2 whole-wheat pancakes topped with ½ cup canned fruit (drained)

355mL English tea mixed with ½ cup skim milk and 1 tsp honey


Snack 1:

1 sandwich: 2 slices of whole-wheat bread, 1 Tbsp light mayo, 60g roasted turkey, 60g chicken breast, 2 romaine lettuce leaves

60g pretzels (approx 40 small braided) dipped in 180g light, low-fat yoghurt



1 chicken taco: 90g grilled chicken, 1 soft whole-wheat tortillas, ½ cup shredded lettuce, and ½ cup reduced-fat shredded cheddar cheese

30g baked tortilla chips dipped in ¼ cup salsa

235mL lemonade

½ cup dried, mixed fruit


Snack 2:

1 cup of fat-free pudding topped with ½ cup each of blueberries, raspberries and blackberries



180g grilled salmon

1 cup wild rice topped with 1 tsp light vegetable-oil-based spread

1 cup steamed cauliflower and broccoli medley

1 cup of berry cobbler


Approximate Daily Nutrient Analysis:

11,673 total kilojoules

147.5g protein (21% of total kilojoules)

51g fat (15% of total kilojoules)

450g carb (64% of total kilojoules)

34g fibre



1 cup oats, made with ½ cup skim milk

1 medium banana, sliced

475mL coffee with ¼ cup skim milk

1 whole grain medium bagel (9cm in diameter) toasted and topped with 1 Tbsp apple butter


Snack 1:

1 medium piece of fresh fruit

235mL sports drink

180mL fat-free Greek fruit yoghurt



Salad: 3 cups fresh spinach, 90g grilled chicken breast, 2 Tbsp dried cranberries, 2 Tbsp low-fat French dressing

1 cup couscous sprinkled with 1 Tbsp shredded Parmesan cheese

1 cup hearty minestrone soup with 5 crackers

475mL water with lemon to drink


Snack 2:

1 cup raw vegetables and 30g whole-wheat pretzels dipped in 2 Tbsp peanut butter and 2 Tbsp hommus

1 cup skim milk blended with 2 Tbsp fat-free chocolate syrup, 1 Tbsp peanut butter, 1 medium banana, and 1 cup of crushed ice.



Sandwich: 2 slices whole grain bread, 90g rotisserie chicken, 2 tsp brown mustard, 2 slices romaine lettuce, ½ cup sliced roasted red capsicum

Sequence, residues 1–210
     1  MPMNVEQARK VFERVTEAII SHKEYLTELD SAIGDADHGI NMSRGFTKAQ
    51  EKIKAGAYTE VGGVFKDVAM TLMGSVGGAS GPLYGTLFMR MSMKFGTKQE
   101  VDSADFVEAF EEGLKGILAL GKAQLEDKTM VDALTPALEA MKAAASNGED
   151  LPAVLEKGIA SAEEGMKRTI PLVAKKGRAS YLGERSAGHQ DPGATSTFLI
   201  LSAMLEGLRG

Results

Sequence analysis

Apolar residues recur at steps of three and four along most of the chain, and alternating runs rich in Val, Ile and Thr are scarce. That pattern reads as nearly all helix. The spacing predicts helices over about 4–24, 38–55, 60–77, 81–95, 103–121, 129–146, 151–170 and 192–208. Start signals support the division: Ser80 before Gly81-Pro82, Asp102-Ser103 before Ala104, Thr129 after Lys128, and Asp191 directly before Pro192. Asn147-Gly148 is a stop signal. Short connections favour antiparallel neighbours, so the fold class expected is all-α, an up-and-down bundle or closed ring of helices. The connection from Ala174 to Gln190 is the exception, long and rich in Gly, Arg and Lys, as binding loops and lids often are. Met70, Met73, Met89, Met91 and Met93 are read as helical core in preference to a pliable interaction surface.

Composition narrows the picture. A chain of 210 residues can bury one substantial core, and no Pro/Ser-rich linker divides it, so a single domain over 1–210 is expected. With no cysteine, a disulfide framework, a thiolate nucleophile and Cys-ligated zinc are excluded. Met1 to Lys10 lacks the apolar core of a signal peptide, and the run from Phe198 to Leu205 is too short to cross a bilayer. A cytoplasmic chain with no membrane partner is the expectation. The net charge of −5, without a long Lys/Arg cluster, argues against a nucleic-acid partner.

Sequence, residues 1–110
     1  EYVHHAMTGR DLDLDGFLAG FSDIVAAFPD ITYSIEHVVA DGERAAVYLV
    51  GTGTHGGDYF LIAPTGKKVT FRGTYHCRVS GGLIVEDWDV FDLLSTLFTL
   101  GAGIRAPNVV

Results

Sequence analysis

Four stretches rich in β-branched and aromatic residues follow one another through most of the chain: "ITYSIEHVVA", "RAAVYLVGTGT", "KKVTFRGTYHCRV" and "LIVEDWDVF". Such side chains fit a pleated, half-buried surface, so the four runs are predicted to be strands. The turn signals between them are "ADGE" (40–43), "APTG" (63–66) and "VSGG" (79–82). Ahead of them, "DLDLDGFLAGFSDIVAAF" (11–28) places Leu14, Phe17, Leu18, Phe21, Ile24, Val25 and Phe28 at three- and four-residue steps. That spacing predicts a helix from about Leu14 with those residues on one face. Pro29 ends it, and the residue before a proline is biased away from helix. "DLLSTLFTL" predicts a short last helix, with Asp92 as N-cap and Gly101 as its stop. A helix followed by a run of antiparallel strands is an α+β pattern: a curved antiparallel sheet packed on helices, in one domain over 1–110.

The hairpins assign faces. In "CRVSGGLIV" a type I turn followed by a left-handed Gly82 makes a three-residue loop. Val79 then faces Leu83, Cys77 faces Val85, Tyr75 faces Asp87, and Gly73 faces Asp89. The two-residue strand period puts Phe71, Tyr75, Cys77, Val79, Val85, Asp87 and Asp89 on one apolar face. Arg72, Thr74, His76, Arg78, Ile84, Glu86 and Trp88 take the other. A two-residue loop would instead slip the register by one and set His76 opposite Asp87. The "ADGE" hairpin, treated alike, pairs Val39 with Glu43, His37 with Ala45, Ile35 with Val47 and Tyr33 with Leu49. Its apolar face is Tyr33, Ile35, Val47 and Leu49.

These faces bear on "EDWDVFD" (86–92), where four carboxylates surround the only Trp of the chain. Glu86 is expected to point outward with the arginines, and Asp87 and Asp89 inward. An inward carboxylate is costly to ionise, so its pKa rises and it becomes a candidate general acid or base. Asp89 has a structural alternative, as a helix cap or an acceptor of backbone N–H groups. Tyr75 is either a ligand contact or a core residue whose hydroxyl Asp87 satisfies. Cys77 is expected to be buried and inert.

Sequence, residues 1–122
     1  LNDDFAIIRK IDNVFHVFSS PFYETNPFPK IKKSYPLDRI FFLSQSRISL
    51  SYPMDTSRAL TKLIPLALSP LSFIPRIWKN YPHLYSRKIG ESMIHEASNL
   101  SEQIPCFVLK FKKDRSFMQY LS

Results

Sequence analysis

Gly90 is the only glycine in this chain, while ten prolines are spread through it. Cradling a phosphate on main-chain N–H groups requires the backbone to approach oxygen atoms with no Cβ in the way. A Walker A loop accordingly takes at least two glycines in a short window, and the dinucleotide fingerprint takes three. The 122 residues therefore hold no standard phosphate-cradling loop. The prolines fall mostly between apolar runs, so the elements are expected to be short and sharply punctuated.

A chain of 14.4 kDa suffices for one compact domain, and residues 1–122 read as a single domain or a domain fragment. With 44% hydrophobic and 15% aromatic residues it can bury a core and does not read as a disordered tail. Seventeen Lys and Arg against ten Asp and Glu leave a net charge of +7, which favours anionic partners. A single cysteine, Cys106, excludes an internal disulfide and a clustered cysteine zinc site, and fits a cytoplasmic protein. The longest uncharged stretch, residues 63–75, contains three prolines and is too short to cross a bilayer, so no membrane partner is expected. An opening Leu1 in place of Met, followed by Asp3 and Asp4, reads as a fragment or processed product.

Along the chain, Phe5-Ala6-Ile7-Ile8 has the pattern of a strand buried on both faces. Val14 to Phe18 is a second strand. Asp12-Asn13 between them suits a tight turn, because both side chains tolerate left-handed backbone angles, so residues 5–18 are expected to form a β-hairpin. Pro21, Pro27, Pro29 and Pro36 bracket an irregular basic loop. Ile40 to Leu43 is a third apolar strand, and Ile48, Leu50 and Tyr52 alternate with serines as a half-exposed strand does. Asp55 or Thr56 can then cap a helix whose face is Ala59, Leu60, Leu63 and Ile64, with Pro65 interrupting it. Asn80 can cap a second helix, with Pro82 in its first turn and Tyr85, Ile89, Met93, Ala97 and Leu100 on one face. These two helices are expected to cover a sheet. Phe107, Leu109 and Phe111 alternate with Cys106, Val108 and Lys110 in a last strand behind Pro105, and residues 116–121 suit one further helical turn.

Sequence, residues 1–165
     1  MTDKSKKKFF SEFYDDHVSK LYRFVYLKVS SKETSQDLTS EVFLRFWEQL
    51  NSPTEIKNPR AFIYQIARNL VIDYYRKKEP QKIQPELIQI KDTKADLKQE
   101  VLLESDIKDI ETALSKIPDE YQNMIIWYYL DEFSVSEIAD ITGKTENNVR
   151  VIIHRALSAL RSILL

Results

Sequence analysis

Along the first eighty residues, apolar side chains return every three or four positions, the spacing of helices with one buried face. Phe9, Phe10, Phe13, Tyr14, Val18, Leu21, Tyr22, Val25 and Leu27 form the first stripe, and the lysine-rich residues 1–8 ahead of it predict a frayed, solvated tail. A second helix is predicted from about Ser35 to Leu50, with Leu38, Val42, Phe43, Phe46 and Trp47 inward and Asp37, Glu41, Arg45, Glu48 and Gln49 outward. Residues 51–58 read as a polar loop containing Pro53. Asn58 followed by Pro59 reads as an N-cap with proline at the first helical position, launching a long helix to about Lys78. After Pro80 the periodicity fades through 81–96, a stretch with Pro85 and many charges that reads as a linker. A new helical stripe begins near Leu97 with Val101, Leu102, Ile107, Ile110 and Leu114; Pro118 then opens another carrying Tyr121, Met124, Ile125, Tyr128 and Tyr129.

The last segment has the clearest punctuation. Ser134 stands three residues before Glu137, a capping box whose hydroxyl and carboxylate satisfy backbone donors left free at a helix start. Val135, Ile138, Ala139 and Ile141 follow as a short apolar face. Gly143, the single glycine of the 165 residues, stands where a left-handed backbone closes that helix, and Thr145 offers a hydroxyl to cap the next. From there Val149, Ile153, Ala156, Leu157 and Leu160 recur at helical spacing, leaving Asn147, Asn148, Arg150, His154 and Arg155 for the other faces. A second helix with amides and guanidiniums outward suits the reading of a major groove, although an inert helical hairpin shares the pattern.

1 cup cooked green beans topped with 2 Tbsp vegetable-oil-based spread

1 medium baked potato topped with 2 Tbsp light sour cream and ½ cup low-fat cottage cheese

355mL skim milk to drink


Daily Nutrient Analysis:

14,055 total kilojoules

156.6g protein (18% total kilojoules)

61g fat (16% total kilojoules)

554g carb (66% total kilojoules)

41.5g fibre



2/3 cup steel-cut oats mixed with 1 cup skim milk. Cook according to package directions, and add water to reach desired consistency. Top with 1/4 cup raisins or dried fruit and 2 Tbsp brown sugar.


Snack 1:

1 cup of apple-cinnamon flavoured cereal topped with 1 cup skim milk and 1 medium banana


Lunch: (Aim for your largest and most carb-rich meal at lunch the day before a race)

2 cups spaghetti topped with 1 cup marinara sauce and ½ cup steamed broccoli

2 slices whole wheat bread topped with 1 Tbsp vegetable oil spread (optional)

235mL lemonade


Snack 2:

15 animal crackers dipped in 1 Tbsp peanut butter

1 medium piece of fresh fruit


Dinner: (Aim for a light, mild dinner the night before a race)

1 whole-wheat pita stuffed with 60g lean luncheon meat (such as lean roast beef, turkey or chicken), ½ cup shredded lettuce, 2 slices tomato, 2 Tbsp fat-free honey mustard and served with 30g baked potato chips

1 soft chocolate-chip granola bar

½ cup unsweetened applesauce

475mL sports drink


Daily Nutrient Analysis:

12,627 total kilojoules

88g protein (12% total kilojoules)

56.5g fat (17% total kilojoules)

539g carb (71% total kilojoules)